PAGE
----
European Civil Protection and Humanitarian Aid Operations

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Southern Africa and Indian Ocean

Malawi by Save The Children
© Save The Children

More than eight million people in the Southern Africa and Indian Ocean region are experiencing food shortages. Many are still struggling to recover from the 2016 El Niño-related drought, yet another El Niño is probable and is likely to affect crops, jobs, and food prices. The EU focuses its efforts on better preparing vulnerable communities to deal with natural disasters, to save lives when they hit, but also to help them recover more easily.

What are the needs?

Inhabitants of the Southern Africa and Indian Ocean region regularly face extreme weather such as cyclones, floods, and droughts, the frequency and effects of which are exacerbated by climate change.  Countries in the region have oscillated between very dry and very wet weather, with impact on crop production and livestock. Furthermore, infectious disease outbreaks often follow extreme weather events. It is usually the poorest and most vulnerable population groups that are most affected by disasters.

Other drivers of food insecurity include poor agriculture techniques, depleted soil fertility, crop pests, land access issues, lack of access to food, volatile food prices, but also governance, social and economic factors such as poverty, HIV/AIDS and demographic pressure. While cereal crop conditions have been favourable in most parts of the region, several areas have been affected by dry spells that reduced yields.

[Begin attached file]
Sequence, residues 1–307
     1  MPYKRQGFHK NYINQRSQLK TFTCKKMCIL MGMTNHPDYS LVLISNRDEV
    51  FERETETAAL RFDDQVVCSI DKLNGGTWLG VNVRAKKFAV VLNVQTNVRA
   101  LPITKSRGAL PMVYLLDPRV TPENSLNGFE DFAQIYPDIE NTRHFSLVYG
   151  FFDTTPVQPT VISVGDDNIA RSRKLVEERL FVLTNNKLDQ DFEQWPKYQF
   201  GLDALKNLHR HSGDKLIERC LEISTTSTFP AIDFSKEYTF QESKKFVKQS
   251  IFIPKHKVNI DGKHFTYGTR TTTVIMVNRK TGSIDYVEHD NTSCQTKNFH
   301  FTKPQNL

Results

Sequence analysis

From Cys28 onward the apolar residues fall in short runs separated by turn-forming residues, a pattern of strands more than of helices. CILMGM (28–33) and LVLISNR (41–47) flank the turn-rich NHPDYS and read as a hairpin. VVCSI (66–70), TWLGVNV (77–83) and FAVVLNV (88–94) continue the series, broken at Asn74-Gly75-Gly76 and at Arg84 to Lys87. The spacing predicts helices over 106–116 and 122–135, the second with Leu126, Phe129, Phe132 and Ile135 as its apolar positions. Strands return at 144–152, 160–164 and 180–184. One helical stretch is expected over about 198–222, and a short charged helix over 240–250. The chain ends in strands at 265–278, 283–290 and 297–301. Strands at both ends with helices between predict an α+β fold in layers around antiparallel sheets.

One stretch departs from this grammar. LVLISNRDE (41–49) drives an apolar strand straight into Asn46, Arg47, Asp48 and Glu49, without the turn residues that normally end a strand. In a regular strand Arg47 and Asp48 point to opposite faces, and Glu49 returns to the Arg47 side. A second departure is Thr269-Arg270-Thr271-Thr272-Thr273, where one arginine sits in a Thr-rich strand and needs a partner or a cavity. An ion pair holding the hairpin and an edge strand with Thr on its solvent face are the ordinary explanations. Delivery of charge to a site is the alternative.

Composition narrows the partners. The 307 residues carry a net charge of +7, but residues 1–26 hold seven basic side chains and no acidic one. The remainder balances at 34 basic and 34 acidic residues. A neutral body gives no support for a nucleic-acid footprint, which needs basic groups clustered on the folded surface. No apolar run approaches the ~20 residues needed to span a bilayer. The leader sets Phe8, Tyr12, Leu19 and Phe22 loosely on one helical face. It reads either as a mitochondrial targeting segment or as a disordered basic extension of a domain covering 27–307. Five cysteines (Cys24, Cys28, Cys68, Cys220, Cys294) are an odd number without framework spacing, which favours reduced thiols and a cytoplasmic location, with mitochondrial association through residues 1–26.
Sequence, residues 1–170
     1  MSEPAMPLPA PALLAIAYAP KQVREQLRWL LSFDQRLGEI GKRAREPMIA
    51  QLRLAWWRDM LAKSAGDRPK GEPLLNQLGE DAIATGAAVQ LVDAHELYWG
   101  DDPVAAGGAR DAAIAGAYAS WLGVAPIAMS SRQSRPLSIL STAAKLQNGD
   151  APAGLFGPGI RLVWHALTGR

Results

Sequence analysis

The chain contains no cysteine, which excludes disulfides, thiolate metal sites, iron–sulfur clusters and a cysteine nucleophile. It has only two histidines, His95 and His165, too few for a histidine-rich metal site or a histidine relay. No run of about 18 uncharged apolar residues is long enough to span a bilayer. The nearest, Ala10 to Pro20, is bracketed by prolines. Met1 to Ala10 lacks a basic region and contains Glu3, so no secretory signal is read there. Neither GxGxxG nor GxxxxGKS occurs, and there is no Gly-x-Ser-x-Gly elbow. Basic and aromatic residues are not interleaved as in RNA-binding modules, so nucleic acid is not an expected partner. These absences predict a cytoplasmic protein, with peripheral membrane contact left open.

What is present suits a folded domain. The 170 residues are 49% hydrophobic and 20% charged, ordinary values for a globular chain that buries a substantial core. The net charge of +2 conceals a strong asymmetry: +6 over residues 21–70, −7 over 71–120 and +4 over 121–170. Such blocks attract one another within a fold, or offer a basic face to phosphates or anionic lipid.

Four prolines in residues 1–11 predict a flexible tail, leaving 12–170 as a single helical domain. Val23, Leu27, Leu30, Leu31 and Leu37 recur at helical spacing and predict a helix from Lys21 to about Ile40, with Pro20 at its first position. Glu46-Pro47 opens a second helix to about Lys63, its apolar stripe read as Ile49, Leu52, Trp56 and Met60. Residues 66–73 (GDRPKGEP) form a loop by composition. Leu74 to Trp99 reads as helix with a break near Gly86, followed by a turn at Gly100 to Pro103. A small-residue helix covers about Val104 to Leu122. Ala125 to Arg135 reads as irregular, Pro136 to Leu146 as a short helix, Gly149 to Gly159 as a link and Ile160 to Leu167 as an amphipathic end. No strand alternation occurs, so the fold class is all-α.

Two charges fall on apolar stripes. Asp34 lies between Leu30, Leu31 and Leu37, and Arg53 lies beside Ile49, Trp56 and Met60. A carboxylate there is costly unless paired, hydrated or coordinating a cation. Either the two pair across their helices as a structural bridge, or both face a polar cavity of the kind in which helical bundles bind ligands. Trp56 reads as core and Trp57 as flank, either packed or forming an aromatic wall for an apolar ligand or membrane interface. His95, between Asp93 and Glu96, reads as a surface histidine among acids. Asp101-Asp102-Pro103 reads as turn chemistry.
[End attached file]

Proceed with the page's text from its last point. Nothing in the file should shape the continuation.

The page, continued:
The number of food insecure people remains high at over 8.4 million, including 2.4 million in Malawi, 1.2 million in Madagascar, 0.8 million in Mozambique and 3.9 million in Zimbabwe. Madagascar in particular is expected to require external food assistance until March 2019.

Map Southern Africa and Indian Ocean
How are we helping?

Since 2016, the European Union has supported the Southern Africa and Indian Ocean region with close to €81 million in humanitarian aid, relief, and disaster preparedness funding. EU assistance has contributed to building resilience among vulnerable communities and strengthened the capacity of disaster management authorities, improving their capacity to deal with recurrent natural disasters.

The EU monitors the humanitarian situation in the region and responds to urgent needs. It supports a variety of UN agencies, the Red Cross movement and non-governmental organisations. Currently, the EU  supports disaster preparedness activities which aim to improve preparedness and response capacities of local civil protection actors and communities at risk of disasters such as flooding, cyclones, and droughts.

Populations and institutions are informed, educated and, equipped to plan and prepare for disasters. Some of the EU-funded projects use technology and innovative approaches – for example, the use of drones and bulk mobile text messaging - to help communities respond quickly to disasters and avoid loss of life and property. Preparedness can greatly reduce the impact of natural disasters.

The drought induced by El Nino in 2016 triggered a large-scale humanitarian response in the region until mid-2017. Its effects continue to be felt with poor families struggling to recover from the losses they sustained. More than 13 million people have been assisted by EU humanitarian aid. In 2017, the EU allocated €9 million for food assistance and nutrition and €5 million for disaster preparedness in Lesotho, Malawi, Mozambique, and Madagascar. During the year, an extra €1 million was provided for the cyclone Enawao response in Madagascar.

In 2018, the EU allocated €11.5 million to support disaster preparedness in Lesotho, Madagascar, Malawi, Mozambique, and Zimbabwe, as well as for support at regional level.

Increasing attention is given to disaster preparedness in schools where awareness has been raised among school children and families, improving their readiness for disasters.

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